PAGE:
The Bendu. Also in early scripts, Lucas called the Jedi the Jedi-Bendu. In Rebels, Kanan at one point encounters an immense creature called The Bendu in the wilderness of the planet Atollon. The Bendu is delightfully voiced by Tom Baker (yes, that Tom Baker). The Bendu doesn’t care about the rebels or the Empire or the Jedi or anyone else. He is a truly Daoist expression of the Force; at peace in the balance between light and dark. Is he a physical being? Or a Force spirit? It’s unclear. His recurring appearances were a highlight of the third season.


The design of Vader’s mask emerged almost fully formed in this early McQuarrie painting. Lucas hadn’t even planned to give Vader a helmet until he saw this painting. And on Rebels, the cartoonish proportions of Vader’s mask are rendered more closely to McQuarrie’s early drawings; this also happens with TIE fighters and other elements on Rebels.

3. Ralph McQuarrie!

Ralph McQuarrie’s artwork is essential to Star Wars. I’ll write more about him at some point. Suffice it to say, most of the ships, character designs, locations, etc. that you see original trilogy issue forth from his mind all but fully formed. This show makes very heavy use of his unused designs (Zeb is basically an early sketch of Chewbacca). McQuarrie had a very particular sense of proportion and color and light that the show manages to mimic in some really stunning ways.


The Grand Admiral returns.


In the 90s, Timothy Zahn wrote what many considered for a long time to be the third trilogy. A primary antagonist was Grand Admiral Thrawn, a chilly Imperial officer with blue skin, red eyes, a talent for playing the long game, and a hobby of art criticism. And he is back in the new canon (the one established after Disney bought Lucasfilm and swept away the old Expanded Universe)! It’s exciting, if you were a Star Wars reader in the 90s.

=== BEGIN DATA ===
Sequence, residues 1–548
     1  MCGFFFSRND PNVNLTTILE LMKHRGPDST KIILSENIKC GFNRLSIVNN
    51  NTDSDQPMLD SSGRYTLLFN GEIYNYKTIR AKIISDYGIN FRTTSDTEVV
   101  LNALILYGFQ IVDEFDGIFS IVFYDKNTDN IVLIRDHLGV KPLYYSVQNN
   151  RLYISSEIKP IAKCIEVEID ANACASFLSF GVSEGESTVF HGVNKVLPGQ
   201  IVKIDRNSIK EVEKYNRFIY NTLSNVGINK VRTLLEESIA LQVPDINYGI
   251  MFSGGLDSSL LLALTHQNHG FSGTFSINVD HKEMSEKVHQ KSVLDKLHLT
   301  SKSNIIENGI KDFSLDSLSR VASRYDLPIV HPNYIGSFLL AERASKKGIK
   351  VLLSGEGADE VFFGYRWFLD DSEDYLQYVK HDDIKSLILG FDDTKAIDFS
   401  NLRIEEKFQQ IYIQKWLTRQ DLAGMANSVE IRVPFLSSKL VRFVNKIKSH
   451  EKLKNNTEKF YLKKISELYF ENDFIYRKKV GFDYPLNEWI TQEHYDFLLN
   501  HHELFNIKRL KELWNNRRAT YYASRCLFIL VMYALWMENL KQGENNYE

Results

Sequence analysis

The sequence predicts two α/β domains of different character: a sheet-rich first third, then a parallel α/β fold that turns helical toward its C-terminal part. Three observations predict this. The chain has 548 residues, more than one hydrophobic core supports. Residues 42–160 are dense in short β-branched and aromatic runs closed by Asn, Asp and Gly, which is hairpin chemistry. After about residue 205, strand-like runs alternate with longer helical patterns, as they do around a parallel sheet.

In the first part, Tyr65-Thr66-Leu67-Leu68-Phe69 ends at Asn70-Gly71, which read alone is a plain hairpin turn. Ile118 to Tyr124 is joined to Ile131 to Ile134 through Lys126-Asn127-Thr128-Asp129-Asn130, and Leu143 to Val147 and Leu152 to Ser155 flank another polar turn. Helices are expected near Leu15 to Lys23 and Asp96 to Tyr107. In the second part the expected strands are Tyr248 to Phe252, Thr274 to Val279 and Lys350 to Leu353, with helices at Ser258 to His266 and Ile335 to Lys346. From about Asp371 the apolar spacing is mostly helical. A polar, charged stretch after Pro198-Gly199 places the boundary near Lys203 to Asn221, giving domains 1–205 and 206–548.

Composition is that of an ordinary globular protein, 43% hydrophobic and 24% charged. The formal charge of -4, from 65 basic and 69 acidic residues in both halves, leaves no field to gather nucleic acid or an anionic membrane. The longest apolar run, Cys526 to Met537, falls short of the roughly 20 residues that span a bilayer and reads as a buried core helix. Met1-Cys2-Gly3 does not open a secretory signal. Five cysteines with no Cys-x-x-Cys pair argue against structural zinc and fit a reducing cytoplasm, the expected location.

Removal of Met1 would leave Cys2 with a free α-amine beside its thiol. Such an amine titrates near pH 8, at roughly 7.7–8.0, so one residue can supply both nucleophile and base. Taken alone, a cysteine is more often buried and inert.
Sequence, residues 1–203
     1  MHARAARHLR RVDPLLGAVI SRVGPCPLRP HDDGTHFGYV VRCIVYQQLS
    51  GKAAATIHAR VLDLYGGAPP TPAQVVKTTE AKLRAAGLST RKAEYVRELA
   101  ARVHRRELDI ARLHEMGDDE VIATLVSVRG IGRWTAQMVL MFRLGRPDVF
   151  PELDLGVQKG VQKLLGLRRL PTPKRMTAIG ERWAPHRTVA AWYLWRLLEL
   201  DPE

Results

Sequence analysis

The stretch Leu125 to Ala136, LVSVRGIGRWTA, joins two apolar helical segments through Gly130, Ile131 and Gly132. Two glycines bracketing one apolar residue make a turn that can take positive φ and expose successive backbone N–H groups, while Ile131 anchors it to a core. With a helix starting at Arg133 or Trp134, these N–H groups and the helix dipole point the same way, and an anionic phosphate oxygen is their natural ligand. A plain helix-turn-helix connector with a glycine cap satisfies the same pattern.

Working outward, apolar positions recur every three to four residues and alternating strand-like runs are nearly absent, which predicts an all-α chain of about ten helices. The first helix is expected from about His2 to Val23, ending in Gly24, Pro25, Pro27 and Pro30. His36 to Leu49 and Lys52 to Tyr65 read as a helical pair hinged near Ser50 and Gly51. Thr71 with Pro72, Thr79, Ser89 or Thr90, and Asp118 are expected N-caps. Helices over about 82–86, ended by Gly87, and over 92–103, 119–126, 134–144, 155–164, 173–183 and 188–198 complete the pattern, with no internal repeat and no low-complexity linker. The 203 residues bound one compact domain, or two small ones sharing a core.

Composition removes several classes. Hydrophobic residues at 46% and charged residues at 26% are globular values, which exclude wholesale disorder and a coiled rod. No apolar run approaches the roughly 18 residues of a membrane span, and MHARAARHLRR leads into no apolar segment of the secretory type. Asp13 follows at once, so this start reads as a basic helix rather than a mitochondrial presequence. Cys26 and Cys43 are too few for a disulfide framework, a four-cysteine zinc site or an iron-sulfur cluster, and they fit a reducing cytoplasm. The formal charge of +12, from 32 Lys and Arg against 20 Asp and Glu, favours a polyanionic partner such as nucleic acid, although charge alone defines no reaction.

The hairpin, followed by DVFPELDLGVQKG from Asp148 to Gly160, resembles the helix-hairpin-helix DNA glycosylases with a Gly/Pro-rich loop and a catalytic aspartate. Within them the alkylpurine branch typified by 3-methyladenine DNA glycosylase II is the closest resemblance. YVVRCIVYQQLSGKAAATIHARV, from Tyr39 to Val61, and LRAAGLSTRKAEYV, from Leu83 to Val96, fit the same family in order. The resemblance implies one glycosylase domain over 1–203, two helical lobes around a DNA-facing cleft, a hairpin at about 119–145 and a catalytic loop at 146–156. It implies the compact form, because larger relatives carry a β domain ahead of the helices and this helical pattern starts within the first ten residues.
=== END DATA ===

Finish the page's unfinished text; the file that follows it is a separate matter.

Left: Ghost (top) parked on Yavin. Center: Ghost (bottom) at Battle of Scarif

5. Connections with Clone Wars and Rogue One

If you’re a fan of Clone Wars and/or Rogue One, there are some can’t miss connections.

Characters from Clone Wars whose fates are eventually revealed on Rebels: Captain Rex (the latest word from the officials at Lucasfilm is that he survives at least all the way to the Battle of Endor), Ahsoka (a teen in self-exile from the Jedi order when last we saw her, she is now a fully-realized Force-wielder, rebel organizer, and uses two fucking awesome white lightsabers; and, by the way, imagine the powerful narrative and character possibilities that come from having her an Vader in the same show), Saw Gerrera (much older than last we saw him, and somewhat younger and less crazytown than when we next see him in Rogue One.

And there are some killer Rebels references in Rogue One: Hera (“General Syndulla”) is paged over the intercom at the rebel base on Yavin; the Ghost appears parked outside the base and in combat at the Battle of Scarif; and Chopper can be seen rolling by in the background at the base in a fleeting shot.



Lightsabers, y’all. Lightsabers, lightsabers, lightsabers.

This show has a badass black Mandalorian lightsaber. It has more lightsaber training scenes than you knew you wanted (one of them is an episode-long character piece on Sabine, and it is uncommonly good television). It has Ezra’s unique little lightsaber (you’ll see).

And it has two of the three greatest lightsaber battles: the final confrontation between Ahsoka (Anakin’s apprentice during the Clone Wars) and Vader; and the final confrontation between Maul and Obi-Wan. The latter is sublime.

Both bring decades of storytelling and character-building together with gorgeous animation and cinematography in a manner that rivals anything in a Star Wars movie.


That’s all. Good night.